There are monks who are more into sutta-based practice, but they tend to be on their own and harder to find.

"blasphemous to openly question the commentaries and Abhidhamma as not the word of the Buddha."

But that is laughable on its face ecause the. Abhidhamma came, what, a thousand years after the buddha? Didn"t the buddha warn against adding to and tinkering with the teachings?

Re: Nissarana Vanaya

Posted: Fri Jun 15, 2018 10:56 am
by SarathW
I agree however that if one intends to ordain at a place, it makes sense to agree with the main teacher's interpretation or at least listen to his instructions. Otherwise one isn't really taking him as one's teacher.
I think finding a right teacher is the biggest hurdle of being a monk.
More you know harder it is.

Re: Nissarana Vanaya

Posted: Fri Jun 15, 2018 11:02 am
by Chula
Sroberto wrote:
Fri Jun 15, 2018 10:53 am

"blasphemous to openly question the commentaries and Abhidhamma as not the word of the Buddha."

But that is laughable on its face ecause the. Abhidhamma came, what, a thousand years after the buddha? Didn"t the buddha warn against adding to and tinkering with the teachings?
Actually probably in less that half the time, but you are coming from the angle of modern text scholarship done by mainly Westerners, Japanese and Indians.

As you might have heard the commentary tradition holds that the Abhidhamma was actually the word of the Buddha. Combine that with a distrust of foreigner interpretations (not helped by a colonial past), an unhealthy national pride and a lack of English fluency and a local monk might have quite a different view of the later texts.

Re: Nissarana Vanaya

Posted: Fri Jun 15, 2018 11:36 am
by Sroberto
SarathW wrote:
Fri Jun 15, 2018 10:56 am
I agree however that if one intends to ordain at a place, it makes sense to agree with the main teacher's interpretation or at least listen to his instructions. Otherwise one isn't really taking him as one's teacher.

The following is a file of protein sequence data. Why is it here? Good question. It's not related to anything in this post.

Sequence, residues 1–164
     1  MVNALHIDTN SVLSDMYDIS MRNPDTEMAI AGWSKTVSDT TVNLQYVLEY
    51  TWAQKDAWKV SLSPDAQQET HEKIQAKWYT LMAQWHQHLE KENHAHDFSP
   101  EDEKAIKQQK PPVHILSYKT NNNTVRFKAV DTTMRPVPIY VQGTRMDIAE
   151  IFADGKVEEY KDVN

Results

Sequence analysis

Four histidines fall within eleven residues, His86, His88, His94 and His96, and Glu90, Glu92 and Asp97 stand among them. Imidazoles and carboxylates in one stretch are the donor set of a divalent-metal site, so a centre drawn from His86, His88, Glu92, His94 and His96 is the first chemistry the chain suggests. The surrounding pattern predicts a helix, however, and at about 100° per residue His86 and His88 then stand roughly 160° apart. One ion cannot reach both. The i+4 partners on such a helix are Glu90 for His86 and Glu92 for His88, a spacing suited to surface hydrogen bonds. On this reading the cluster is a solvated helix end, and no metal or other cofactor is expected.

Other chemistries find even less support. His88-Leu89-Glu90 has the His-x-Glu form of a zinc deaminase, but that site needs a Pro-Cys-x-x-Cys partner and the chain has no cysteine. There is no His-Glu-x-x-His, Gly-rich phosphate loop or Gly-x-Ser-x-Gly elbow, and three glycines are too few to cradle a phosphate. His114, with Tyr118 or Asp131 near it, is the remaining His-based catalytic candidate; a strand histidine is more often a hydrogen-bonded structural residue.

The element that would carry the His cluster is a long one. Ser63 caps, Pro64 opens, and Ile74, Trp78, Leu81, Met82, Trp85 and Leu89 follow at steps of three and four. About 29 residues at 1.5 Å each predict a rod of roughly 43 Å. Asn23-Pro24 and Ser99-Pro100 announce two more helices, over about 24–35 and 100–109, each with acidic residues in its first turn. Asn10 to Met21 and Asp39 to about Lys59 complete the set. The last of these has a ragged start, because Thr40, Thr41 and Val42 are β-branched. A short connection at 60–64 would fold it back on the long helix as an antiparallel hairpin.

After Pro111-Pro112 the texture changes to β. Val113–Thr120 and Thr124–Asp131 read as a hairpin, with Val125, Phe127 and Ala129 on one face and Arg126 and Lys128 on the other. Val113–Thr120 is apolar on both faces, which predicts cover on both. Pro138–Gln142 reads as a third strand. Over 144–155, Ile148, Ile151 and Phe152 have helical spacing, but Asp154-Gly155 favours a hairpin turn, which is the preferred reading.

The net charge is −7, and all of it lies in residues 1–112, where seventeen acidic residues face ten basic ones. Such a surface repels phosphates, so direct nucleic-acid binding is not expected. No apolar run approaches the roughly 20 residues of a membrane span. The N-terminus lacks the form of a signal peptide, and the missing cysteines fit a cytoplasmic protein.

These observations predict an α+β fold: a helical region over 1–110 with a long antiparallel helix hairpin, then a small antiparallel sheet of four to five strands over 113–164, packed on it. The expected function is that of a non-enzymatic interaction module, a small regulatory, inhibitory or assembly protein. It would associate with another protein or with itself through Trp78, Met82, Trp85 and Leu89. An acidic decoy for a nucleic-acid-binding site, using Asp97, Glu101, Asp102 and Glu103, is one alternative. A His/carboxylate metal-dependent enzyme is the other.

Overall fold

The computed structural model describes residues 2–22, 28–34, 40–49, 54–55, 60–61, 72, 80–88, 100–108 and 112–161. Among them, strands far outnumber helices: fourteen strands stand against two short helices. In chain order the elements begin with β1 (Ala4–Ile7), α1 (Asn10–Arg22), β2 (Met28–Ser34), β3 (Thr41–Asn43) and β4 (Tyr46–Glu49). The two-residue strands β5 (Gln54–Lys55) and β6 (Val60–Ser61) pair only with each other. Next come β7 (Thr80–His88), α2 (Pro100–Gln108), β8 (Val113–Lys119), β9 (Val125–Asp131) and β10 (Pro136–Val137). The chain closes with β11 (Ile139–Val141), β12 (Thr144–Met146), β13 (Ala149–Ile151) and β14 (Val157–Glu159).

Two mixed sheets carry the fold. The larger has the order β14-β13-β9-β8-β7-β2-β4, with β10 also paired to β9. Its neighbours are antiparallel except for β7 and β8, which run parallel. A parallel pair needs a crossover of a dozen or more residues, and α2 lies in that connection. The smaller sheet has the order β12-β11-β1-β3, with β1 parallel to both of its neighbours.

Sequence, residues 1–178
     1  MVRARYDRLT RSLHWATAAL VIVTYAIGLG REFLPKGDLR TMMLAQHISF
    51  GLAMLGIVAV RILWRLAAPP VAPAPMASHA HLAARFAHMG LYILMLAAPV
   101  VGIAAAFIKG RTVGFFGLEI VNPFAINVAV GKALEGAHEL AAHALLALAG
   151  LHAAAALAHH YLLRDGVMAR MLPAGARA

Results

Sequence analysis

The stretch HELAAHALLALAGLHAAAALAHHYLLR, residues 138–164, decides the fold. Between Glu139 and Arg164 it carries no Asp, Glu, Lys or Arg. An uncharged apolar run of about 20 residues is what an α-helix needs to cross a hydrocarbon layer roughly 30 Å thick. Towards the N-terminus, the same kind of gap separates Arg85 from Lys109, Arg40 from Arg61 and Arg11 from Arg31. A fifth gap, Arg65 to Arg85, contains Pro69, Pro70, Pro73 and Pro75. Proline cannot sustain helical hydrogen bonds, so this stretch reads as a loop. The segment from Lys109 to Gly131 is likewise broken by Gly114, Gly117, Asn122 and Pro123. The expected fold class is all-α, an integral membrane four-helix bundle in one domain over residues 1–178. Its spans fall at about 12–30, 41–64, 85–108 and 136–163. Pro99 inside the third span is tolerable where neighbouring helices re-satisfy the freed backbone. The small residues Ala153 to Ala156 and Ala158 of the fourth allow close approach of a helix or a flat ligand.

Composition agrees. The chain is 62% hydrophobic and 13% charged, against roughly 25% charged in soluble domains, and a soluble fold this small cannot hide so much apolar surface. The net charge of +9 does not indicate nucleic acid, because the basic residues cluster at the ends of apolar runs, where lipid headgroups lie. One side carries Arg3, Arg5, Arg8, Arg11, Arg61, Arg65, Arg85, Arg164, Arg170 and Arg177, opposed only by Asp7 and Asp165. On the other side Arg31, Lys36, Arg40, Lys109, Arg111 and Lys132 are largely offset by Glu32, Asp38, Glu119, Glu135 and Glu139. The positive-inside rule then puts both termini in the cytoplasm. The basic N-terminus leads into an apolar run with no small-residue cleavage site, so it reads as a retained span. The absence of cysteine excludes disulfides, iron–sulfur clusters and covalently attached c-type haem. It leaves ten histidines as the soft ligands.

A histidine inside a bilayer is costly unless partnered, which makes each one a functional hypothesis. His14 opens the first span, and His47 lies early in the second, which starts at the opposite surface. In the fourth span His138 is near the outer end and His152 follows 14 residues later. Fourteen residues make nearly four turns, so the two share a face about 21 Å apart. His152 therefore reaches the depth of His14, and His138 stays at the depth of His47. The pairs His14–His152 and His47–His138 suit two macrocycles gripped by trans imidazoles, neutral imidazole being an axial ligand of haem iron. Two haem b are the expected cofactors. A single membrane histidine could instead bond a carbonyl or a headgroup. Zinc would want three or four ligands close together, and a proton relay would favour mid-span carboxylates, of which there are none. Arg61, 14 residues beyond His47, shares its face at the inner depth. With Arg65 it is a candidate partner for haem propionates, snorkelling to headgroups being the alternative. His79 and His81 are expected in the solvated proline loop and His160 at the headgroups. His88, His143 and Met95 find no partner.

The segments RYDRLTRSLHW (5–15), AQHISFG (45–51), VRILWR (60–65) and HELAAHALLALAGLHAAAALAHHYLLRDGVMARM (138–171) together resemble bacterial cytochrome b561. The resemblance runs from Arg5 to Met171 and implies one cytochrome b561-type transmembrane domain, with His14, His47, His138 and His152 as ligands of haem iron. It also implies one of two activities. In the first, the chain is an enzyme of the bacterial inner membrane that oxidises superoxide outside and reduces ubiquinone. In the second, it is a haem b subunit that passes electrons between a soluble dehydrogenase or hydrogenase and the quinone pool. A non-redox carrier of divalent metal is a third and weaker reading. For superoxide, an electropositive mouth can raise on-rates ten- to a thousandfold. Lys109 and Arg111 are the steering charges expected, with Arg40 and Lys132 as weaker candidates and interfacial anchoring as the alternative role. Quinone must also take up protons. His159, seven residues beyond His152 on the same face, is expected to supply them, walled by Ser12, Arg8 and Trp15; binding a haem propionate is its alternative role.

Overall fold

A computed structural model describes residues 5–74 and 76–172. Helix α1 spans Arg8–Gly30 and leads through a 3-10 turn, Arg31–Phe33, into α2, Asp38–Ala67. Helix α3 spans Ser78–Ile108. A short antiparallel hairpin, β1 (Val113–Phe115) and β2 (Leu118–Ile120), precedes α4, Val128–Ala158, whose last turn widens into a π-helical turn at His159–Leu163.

I think finding a right teacher is the biggest hurdle of being a monk.
More you know harder it is.
How true!

Re: Nissarana Vanaya

Posted: Fri Jun 15, 2018 11:51 am
by Sroberto
Chula wrote:
Fri Jun 15, 2018 11:02 am
Sroberto wrote:
Fri Jun 15, 2018 10:53 am

"blasphemous to openly question the commentaries and Abhidhamma as not the word of the Buddha."

But that is laughable on its face ecause the. Abhidhamma came, what, a thousand years after the buddha? Didn"t the buddha warn against adding to and tinkering with the teachings?
Actually probably in less that half the time, but you are coming from the angle of modern text scholarship done by mainly Westerners, Japanese and Indians.

As you might have heard the commentary tradition holds that the Abhidhamma was actually the word of the Buddha. Combine that with a distrust of foreigner interpretations (not helped by a colonial past), an unhealthy national pride and a lack of English fluency and a local monk might have quite a different view of the later texts.

Coming from the angle of arithmetic.

'As you might have heard the commentary tradition holds that the Abhidhamma was actually the word of the Buddha.' But clearly it is not. No more certain or believable than someone a thousand years later saying mohamed traveled somewhere on a white horse in a dream so it must have been jeruselem and therefore it must be believed. To use a crude analogy.

Distrust of foreigners, colonial past (Burmese, Arabs, English, French, Japanese) , unhealthy national pride, lack of English fluency, wow sounds like...Thailand.

I guess the only way to know is to discover for yourself. One's truth is another's scepticsl doubt. I thank you for sharing your insights. It is valuable to me.